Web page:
It should be noted that although a user may be attracted by these effects, probably in some cases they are taken to extremes. We would always want to ensure that any technique we use isn’t affecting the performance or maintainability of our code.
Here’s a CodePen demo showing what we’ll be creating:
A Brief BEM Intro
For this project we’ll use the BEM methodology for naming our CSS classes.
Explaining BEM in great detail is outside the scope of this article, but here I’ll cover it briefly.
The acronym BEM stands for Block Element Modifier. This methodology suggests a structured way of naming classes, based on the properties and role of the element in question. To adhere to the BEM methodology, we have to stick with a naming convention that follows this pattern:
The Transform Effect in Adobe Illustrator lets you move, scale, flip, rotate and clone the appearance of one of more selected objects (all from a central dialog box).
Using it you can create patterns with paths and text blocks, and handle the whole pattern by making adjustments to the native project.
In this tutorial, I’ll explain you how to create a simple bevelled stroke effect and I’ll show you some curiosities regarding the Transform Effect.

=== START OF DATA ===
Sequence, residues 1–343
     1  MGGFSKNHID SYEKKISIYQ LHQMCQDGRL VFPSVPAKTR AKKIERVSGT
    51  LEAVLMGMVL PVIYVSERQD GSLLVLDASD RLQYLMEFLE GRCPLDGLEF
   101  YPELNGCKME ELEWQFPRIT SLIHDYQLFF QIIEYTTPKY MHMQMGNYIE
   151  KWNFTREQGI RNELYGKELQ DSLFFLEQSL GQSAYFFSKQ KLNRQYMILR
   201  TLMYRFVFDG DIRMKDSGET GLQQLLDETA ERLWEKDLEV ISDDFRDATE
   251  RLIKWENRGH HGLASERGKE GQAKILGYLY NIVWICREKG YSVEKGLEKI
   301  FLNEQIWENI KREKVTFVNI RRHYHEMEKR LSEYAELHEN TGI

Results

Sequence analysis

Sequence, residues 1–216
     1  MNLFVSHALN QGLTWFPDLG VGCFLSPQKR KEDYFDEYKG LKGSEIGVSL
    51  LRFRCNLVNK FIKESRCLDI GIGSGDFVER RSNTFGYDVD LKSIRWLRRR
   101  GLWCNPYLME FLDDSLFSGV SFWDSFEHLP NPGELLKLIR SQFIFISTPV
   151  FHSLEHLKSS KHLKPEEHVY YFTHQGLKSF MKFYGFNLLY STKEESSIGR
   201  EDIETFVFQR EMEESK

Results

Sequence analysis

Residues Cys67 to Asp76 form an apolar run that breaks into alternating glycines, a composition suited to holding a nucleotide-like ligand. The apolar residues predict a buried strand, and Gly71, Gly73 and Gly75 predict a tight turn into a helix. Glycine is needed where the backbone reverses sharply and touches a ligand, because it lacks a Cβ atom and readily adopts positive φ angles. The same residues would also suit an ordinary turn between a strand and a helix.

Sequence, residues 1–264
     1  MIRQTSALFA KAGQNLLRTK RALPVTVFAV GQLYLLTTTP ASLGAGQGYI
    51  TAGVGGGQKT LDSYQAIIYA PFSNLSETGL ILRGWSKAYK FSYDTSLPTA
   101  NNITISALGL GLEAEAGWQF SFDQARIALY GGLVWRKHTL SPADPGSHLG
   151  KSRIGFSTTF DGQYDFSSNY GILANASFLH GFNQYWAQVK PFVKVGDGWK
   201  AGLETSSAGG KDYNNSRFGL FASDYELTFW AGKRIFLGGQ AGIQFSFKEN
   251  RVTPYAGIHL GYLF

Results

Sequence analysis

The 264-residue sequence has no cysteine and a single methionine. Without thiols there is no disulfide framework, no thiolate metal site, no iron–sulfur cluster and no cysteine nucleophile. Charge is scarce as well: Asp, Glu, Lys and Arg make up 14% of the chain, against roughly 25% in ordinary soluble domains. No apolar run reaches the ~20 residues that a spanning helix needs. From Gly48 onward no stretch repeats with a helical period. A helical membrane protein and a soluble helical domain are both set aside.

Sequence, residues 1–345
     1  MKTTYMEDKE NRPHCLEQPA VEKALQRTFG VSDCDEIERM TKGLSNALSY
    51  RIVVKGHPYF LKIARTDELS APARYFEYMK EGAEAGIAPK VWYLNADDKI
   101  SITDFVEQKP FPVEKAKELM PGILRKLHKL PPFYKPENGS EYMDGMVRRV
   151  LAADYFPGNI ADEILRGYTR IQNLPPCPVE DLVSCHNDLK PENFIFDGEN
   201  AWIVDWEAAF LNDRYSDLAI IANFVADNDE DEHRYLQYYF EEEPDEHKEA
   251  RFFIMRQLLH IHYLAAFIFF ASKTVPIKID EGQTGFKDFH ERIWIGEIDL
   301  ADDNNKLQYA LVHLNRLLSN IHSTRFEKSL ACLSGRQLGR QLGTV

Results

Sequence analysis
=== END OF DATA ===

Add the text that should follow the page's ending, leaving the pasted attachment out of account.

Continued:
You’ll be surprised by the power of this as simple as indispensable tool.
The Transform Effect: what is it?
As I mentioned in the introduction of the article, the Transform Effect is a dynamic effect whose main result is to create patterns of paths or text blocks that can be simply manipulated in a single command, allowing you to make adjustments to the original object.
In this practical example, I’ll guide you step by step in the creation of a simple beveled stroke effect. Secondly, we’ll have a look at how to use one of the most important and curious Illustrator’s path wigglers, — the Pucker & Bloat.
Well, right premises done, let’s get started.
Step 1: Setting up the text
Open a simple line drawing and do a background square which will be our starting point.
The first task of this exercise is using the offset strokes to create a depth effect.
Basically we’ll achieve this practical effect dynamically, which is a smarter and better way to work. It’s very common, indeed – especially among the very beginner users of Adobe Illustrator – that a good way to create a text with more than one stroke is the following: creating a text, assigning a stroke, doing a copy of it, doing a paste in front of the same image, change color and reduce the stroke and then repeat the same operations over and over again until reaching the desired effect.
Obviously this is not the right (and recommended) way of creating this effect, not only because it is slow, repetitive and imprecise but above all because that means that if you make a change to anyone of your texts, you’ll have to change all the others of course.
On the contrary, with this new approach, you have only one centered text, so that one change affects the whole set of offset strokes, and this appears a smarter way to work.
srcsetattribute allows us to specify a list of sources for an image, which will be delivered based on the pixel density or size of the user’s screen.